Warning: This article contains explicit language—and would contain a lot more if David Walsh were being quoted absolutely fucking verbatim. Listening to some of Walsh’s rants, you’d be inclined to think that he’s some foulmouthed comedian. But as it turns out, he’s just Tasmanian. He’s also a multimillionaire, a serious art collector, and, as of this month, the proprietor of the largest private art museum in the Southern Hemisphere, the Museum of Old and New Art.
MONA, as it is known, will be open to the public on January 22, with free admission. The trick is getting there. First, one must travel to Tasmania, a large and chilly island to the south of mainland Australia, from whence the most famous export is probably Errol Flynn. Next is a 40-minute catamaran ride up the Derwent River from the capital of Hobart, after which visitors enter a 50-year-old modernist house perched on a cliff, descend a spiral staircase, and arrive at MONA’s literally cavernous galleries: 62,000 square feet spread over three subterranean levels.
Walsh made his fortune as a professional gambler—being, as he puts it, the “one in 200 million who can beat the odds.” During the past 30 years, he has developed a high-tech probability-crunching system that he uses to bet on horse races. How it works exactly, Walsh won’t reveal. In fact, he won’t even admit to being rich: “Some people think a couple hundred million dollars is not a lot of money,” he says.
Some of Walsh’s winnings are invested in a boutique winery called Moorilla; he also owns a beer-brewing enterprise, Moo Brew, and a destination restaurant, the Source, situated on the same peninsula as the museum. For the past two decades, however, his primary passion has been art. He has amassed a highly individual collection on which he has lavished some $100 million (although how much anyone else would have paid to own Belgian conceptual artist Wim Delvoye’s excrement-producing installation, Cloaca, is open to debate). As the name of his museum suggests, Walsh’s tastes run from the ancient (Roman Empire mosaics and Egyptian sarcophagi) to the cutting-edge (Jenny Saville’s monumental paintings of female flesh and Stephen J Shanabrook’s sculptures of suicide bombers rendered in chocolate). And despite saying he does not have the body for it, Walsh posed nude for Andres “Piss Christ” Serrano.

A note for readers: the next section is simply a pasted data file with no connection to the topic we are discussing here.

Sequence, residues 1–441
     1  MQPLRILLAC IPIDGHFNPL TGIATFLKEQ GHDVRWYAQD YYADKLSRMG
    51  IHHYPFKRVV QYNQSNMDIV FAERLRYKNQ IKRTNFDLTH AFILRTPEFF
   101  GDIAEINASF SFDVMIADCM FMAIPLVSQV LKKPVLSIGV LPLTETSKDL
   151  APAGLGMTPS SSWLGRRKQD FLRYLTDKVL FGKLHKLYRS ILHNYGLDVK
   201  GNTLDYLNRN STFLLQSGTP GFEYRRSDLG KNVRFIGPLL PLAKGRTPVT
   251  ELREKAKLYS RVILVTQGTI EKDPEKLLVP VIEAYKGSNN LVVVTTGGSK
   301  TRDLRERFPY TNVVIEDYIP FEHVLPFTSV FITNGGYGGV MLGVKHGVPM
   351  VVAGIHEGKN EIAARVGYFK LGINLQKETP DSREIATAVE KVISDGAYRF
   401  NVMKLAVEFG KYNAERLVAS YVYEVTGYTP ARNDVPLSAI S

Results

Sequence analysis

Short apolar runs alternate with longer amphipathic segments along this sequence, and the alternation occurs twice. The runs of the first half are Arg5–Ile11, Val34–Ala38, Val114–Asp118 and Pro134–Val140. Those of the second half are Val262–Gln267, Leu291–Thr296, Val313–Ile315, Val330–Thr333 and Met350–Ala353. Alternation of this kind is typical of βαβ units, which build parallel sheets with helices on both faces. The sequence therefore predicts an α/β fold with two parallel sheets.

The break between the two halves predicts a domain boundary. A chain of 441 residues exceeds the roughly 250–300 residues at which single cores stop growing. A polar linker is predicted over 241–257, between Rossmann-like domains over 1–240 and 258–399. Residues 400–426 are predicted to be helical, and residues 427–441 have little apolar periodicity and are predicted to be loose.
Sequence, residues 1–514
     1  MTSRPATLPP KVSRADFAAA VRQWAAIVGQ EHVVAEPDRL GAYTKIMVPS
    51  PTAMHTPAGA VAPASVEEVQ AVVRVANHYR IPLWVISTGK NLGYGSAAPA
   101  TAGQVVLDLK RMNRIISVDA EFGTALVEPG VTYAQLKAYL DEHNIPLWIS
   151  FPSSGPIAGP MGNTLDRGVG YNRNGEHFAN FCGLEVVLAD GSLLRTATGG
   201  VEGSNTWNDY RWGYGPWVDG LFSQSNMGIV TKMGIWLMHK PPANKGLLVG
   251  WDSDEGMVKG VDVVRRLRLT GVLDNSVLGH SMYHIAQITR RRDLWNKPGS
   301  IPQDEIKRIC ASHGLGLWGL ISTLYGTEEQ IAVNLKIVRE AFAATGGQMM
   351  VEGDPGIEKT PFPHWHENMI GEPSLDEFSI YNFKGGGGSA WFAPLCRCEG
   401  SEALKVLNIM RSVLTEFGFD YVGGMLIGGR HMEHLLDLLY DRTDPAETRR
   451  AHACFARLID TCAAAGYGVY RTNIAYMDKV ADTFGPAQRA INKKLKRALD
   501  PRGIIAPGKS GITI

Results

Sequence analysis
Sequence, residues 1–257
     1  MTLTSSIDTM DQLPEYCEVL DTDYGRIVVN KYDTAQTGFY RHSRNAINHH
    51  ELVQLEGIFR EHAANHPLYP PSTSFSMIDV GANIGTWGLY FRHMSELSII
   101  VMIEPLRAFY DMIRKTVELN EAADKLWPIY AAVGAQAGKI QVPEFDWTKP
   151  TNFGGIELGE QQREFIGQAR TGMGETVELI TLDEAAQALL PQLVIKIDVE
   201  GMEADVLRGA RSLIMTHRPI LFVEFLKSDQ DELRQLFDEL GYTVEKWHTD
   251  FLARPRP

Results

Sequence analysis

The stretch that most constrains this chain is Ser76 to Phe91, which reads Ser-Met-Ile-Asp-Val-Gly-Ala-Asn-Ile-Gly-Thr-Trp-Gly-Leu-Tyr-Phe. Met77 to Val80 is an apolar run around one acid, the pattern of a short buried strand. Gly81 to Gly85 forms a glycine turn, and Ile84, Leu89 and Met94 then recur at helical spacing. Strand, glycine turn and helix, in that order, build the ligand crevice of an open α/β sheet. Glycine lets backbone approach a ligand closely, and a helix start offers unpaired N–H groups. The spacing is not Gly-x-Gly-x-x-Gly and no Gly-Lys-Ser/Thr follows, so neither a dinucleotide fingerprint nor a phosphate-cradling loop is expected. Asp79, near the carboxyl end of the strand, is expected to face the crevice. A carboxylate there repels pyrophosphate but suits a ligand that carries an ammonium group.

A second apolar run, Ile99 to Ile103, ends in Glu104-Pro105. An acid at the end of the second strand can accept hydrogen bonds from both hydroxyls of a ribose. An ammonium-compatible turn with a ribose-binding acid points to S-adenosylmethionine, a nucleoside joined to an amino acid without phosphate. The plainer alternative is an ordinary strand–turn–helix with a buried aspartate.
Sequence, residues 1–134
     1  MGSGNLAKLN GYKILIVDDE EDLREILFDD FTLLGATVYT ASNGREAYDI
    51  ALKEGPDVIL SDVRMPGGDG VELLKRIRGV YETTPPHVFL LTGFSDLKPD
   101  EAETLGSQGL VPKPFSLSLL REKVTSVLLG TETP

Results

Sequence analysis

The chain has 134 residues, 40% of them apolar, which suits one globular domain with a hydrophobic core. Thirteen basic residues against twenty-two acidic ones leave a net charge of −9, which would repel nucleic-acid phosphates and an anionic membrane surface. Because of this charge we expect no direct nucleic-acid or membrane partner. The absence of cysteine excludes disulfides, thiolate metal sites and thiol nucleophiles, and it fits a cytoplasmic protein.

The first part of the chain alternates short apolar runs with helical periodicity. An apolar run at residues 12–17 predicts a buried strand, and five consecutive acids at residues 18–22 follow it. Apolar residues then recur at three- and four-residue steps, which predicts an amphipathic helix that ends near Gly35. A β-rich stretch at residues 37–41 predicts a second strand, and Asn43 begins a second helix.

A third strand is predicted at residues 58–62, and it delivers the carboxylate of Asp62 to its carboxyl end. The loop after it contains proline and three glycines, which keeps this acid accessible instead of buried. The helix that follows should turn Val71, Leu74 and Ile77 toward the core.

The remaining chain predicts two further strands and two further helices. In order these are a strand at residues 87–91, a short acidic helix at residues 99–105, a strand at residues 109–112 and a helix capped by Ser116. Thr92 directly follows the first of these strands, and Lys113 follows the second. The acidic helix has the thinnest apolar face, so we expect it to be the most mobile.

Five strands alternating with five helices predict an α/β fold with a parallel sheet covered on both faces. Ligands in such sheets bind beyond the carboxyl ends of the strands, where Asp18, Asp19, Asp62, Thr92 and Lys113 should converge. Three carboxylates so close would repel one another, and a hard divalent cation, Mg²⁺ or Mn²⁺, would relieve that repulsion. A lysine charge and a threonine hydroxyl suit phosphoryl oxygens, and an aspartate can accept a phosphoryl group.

The recurring themes of MONA’s collection are sex (the most overt example being Greg Taylor’s 141 life-size porcelain sculptures of female genitalia) and death. New Zealand artist Julia deVille has been commissioned to create a vessel for funereal ashes, making it possible for art lovers to remain at MONA for all eternity. And Walsh has purchased the right to film 66-year-old Christian Boltanski in his studio 24 hours a day for the rest of his life. Images will be transmitted to MONA, and the longer the Frenchman lives, the more the piece will cost. Walsh, an atheist, wants to encourage exploration of “secular death.” “Why does death have to be seen as a religious event?” he asks. “Whenever I hear the phrase ‘It’s just part of life,’ I want to puke.”